George Washington University has been awarded an $800,000 challenge grant from the National Endowment for the Humanities to hire humanities professors, purchase books and pursue related projects, NEH officials announced yesterday.

Like all the NEH challenge grants, the university's will be awarded over a period of three years, in increments which must be matched at a ratio of three-to-one with private monies.

The NEH announced a national total of $24 million in challenge funds for this year. George Washington's is the second largest of the first-year grants. Boston University received the largest -- $1 million over three years.

This year, 122 institutions will receive $7.9 million as first-year grantees. Another $16.1 million will be appropriated to 188 institutions in the second or third year of funding.

The grants went predominantly to universities, but libraries, historical organizations and museums in 35 states also received funds.

GWU will use the money to endow three chairs for humanities professors in areas involving philosophy, religion, literature and history. "But they will only be occupied by people who can relate what they're doing [in the humanities] to professional studies," said Roderick French, project director and director of the division of experimental programs at GWU.

The resulting courses will relate the humanities with business, medicine and various policy studies. "We have declining enrollment in humanities but a burgeoning program in business," said French. "We have about 1,200 people in our MBA [master of business administration] program. We'd like to develop an ethics in business and a history of business course. We would also be open to someone in bioethics."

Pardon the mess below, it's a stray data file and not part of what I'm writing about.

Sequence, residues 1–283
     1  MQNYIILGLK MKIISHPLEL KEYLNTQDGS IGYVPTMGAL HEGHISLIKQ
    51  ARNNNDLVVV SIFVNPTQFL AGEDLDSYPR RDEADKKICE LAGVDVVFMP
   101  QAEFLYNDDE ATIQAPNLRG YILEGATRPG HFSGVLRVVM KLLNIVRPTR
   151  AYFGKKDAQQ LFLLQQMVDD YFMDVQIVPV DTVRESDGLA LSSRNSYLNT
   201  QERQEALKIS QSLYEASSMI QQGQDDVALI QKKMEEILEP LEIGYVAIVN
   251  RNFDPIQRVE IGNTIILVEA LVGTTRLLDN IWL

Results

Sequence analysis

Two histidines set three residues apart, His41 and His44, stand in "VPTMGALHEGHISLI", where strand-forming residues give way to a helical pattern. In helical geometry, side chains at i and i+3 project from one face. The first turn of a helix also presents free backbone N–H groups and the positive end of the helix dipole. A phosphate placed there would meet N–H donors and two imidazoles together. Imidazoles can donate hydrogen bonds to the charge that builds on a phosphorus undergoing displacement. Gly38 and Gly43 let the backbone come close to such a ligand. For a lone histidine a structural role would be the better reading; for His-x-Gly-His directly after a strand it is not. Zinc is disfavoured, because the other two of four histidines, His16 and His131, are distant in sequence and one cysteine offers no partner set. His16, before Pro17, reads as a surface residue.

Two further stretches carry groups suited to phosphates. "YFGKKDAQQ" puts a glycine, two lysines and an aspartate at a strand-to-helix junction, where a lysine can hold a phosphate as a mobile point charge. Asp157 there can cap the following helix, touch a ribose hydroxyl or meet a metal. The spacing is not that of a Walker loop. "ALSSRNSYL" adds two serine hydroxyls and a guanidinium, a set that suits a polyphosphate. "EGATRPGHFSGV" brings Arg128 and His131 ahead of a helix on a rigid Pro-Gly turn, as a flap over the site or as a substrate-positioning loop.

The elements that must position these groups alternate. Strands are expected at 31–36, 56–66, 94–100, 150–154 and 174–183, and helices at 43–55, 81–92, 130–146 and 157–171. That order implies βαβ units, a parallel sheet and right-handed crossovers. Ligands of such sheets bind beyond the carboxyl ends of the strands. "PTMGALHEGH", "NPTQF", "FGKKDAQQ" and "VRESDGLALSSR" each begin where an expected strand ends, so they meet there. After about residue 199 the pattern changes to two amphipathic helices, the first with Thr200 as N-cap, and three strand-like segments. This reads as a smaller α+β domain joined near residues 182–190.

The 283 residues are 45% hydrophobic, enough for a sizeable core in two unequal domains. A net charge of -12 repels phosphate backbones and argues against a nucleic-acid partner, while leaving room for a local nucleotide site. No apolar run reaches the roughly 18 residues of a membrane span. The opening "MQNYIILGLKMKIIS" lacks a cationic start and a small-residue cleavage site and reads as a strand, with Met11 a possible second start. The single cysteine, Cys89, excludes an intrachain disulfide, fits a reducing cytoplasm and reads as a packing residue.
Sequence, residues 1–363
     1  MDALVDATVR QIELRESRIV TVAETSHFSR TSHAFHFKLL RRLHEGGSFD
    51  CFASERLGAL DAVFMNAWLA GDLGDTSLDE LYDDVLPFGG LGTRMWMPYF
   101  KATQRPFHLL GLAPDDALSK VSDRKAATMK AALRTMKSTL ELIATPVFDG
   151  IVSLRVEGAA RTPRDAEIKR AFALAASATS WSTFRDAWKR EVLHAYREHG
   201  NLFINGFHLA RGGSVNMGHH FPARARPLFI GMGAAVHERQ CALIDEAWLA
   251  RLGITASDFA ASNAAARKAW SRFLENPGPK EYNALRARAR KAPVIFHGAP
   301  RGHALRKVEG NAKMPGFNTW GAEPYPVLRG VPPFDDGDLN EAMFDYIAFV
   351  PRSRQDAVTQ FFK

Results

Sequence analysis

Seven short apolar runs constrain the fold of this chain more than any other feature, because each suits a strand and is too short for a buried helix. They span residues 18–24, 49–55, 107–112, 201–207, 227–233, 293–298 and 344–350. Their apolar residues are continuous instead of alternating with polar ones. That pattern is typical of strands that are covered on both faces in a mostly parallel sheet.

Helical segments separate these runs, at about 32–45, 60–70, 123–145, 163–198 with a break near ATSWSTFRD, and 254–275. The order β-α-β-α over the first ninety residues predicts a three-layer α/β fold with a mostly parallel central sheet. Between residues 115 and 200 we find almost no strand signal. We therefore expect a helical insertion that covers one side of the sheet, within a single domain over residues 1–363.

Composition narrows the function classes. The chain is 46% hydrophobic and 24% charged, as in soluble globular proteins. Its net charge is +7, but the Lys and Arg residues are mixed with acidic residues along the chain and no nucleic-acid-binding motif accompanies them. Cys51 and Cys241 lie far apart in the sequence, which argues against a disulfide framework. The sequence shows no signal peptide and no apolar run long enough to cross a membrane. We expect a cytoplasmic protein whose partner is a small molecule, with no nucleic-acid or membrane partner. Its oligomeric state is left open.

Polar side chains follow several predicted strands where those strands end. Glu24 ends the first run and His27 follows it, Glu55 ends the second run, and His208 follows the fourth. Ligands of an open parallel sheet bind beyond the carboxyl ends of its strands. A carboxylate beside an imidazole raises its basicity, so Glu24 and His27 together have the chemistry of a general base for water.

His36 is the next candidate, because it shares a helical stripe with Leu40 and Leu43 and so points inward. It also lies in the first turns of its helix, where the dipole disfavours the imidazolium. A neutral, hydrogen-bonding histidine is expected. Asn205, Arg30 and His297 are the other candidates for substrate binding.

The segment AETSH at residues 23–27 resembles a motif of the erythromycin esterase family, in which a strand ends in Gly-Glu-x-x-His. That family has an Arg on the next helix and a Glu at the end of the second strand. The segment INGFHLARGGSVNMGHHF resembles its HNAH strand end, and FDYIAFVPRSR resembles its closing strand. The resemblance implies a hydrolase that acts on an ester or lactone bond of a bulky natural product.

GW also has a group of policy programs for degrees in science policy, educational policy, environmental policy and energy policy, among others. "We would like to have individuals capable of relating humanities to all those fields," said French.

"We'd like to do all we can to keep the liberal arts here healthy," he said.

"It's clear with the shifting student interest and the new professionalism that the humanities are in for a relatively hard time. We'd like to strengthen them -- but so that they travel around the university."

French, who also is chairman of the D.C. Community Humanities Council (a local grant-making agency funded by NEH), said his two roles do not represent any conflict of interest. "None," he said. "They're entirely different sections of the Endowment and there are also very elaborate review processes. I asked someone in the Endowment about it."

French said that the university expects to raise the matching funds from foundations, individuals and the annual alumni fund-raising campaign.

GW will use about a fourth of the $3.2 million it expects to have (by the time they match the grant) to buy books and periodicals.